Karin Jurick said...

Some have suggested online teaching - I don't have that available.

Elaine Hurst said...

One more question...I noticed in one of the YouTube videos that it seemed that you work on one area at a time. Do you always do that? I haven't had a chance to look at more videos.

Karin Jurick said...

I don't always do anything really - I just find that I don't make a mess if I go left to right, so most paintings are approached that way. It depends on the subject before me.

smellyrhinostudio said...

Hi Karin, my friends and I are really enjoying learning from you!

To what action(s) do you most attribute your success selling artwork online and creating a following?

Karin Jurick said...

The following still astounds me, I don't know how that happened. Lessons learned from 30+ years in retail probably have a lot to do with getting it right. Give the buyer something worthy, stay consistent and reliable and always keep up with the business end of it. Audiences can get bored easily - knowing that, I'm constantly motivated.

tracywall said...

Hi Karin,
Thanks for offering your advice, experience and insight to our questions!

I know this is all up to each individual artist, but I'm interested in your take: I'm considering selling prints of my work. (I'm not sure if you ever sell prints of yours outside of your books.) I've always been under the impression that I shouldn't create prints of a painting until the original has already sold.

Is there a common rule of thumb regarding this? Does selling giclees decrease the value of an unsold original? Is this all in my head? :)

Thanks again for your opinion!

Karin Jurick said...

The subject of making prints available is a hard one for me to articulate - personally, I'm against it for several reasons. I feel like it launches an artist into a whole different category - I suppose that's from being a picture framer for 30+ years. I see that it makes a lot of money for the artist but it lessens the value or integrity of the artwork. I can't help it, that's how I feel.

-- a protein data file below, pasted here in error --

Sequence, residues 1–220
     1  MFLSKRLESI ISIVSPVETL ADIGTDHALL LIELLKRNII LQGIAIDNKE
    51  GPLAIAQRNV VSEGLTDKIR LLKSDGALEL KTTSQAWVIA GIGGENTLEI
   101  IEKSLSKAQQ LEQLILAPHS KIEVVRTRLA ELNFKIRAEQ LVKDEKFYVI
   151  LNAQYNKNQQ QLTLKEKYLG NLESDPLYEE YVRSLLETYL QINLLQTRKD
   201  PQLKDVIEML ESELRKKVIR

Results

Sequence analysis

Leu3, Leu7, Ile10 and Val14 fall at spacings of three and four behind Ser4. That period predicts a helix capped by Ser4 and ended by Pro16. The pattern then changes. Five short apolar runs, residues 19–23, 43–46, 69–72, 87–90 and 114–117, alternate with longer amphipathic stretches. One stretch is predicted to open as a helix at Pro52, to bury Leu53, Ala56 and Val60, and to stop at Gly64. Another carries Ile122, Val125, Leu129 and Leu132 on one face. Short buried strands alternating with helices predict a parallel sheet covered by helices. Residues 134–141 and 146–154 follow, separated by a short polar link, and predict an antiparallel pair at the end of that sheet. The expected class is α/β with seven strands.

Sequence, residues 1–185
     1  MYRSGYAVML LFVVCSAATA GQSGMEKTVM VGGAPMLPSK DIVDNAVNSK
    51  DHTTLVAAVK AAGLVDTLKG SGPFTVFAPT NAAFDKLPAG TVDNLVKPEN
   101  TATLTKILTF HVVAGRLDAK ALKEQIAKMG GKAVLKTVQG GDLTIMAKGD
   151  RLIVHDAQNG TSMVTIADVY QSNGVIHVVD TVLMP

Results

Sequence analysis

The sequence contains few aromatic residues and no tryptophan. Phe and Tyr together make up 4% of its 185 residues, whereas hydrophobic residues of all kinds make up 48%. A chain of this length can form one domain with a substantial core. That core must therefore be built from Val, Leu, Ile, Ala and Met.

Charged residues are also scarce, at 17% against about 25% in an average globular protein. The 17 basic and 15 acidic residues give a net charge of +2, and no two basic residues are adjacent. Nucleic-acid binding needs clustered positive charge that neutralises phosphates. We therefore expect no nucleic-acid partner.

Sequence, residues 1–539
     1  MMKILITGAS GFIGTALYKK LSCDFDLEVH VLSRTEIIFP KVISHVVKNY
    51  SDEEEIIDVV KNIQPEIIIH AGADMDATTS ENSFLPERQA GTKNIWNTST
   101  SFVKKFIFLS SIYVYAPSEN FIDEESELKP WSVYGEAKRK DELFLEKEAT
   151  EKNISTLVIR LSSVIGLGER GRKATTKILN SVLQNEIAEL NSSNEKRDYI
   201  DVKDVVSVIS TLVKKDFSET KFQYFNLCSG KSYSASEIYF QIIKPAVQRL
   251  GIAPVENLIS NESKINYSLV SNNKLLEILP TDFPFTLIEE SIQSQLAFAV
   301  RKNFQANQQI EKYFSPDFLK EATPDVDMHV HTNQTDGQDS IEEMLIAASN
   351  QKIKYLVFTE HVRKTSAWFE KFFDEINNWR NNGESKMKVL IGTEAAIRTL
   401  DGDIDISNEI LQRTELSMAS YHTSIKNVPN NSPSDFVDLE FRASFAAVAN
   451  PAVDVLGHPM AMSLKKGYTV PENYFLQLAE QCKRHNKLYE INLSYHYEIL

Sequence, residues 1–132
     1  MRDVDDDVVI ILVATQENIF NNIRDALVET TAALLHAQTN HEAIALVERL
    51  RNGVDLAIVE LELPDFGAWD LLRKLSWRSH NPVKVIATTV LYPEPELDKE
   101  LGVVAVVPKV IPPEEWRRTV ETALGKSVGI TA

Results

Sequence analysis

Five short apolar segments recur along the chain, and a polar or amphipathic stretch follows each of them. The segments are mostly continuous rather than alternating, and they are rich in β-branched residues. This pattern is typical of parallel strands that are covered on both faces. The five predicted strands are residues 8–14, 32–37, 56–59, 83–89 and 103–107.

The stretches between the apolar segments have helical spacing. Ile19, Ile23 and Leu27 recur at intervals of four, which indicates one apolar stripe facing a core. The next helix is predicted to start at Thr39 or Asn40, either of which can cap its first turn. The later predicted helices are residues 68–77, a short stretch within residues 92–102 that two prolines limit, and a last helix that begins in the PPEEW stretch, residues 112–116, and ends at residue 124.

In addition to that, it's a whole other business to manage - who will sell the prints, who will manage the quality control of the prints, who will share the revenue, etc.

The best an artist can hope for is a gallery or publisher takes the reins, but personally, I don't want someone else taking control of my images.

I want a buyer of my painting to know their acquired piece is original - one that will last for a long time. Prints, on the other hand, are subject to fading and aging - I don't care what kind of canvas, paper, ink is used. As I said, I've framed these for years.

Last but not least, the counterfeit art business is out of control and having prints available opens up the possibilities of someone out there reproducing from a reproduction. I've seen that in my frame shop for years too. I don't want any part of it.

I stress, it's a personal opinion - and with respect to the revenue that can come of offering prints - it may be easy money on the surface, but it's a headache. I'd rather paint and earn a living that way.

Terri Buchholz said...

I'm always amazed at the opacity of your colors, especially whites. I've tried multiple brands from cheaper to expensive and the "colors" of white including zinc, titanium, flake, iridescent, and radiant, but they never pop like yours. Any tips?
I should add, I'm usually pushing to get as much done in one sitting that I can since time to paint is so limited. I don't give it much dry time while I'm working on something.
Thanks Karin!

Karin Jurick said...

I do a painting in one sitting also - so I don't think that's a factor. I finally found the white that works for me, after trying a lot of brands and types. Radiant white by Gamblin is great - Titanium white by Daniel Smith is the best, in my opinion.

Karin Jurick said...

Over and out. Thank all of you who contributed this weekend.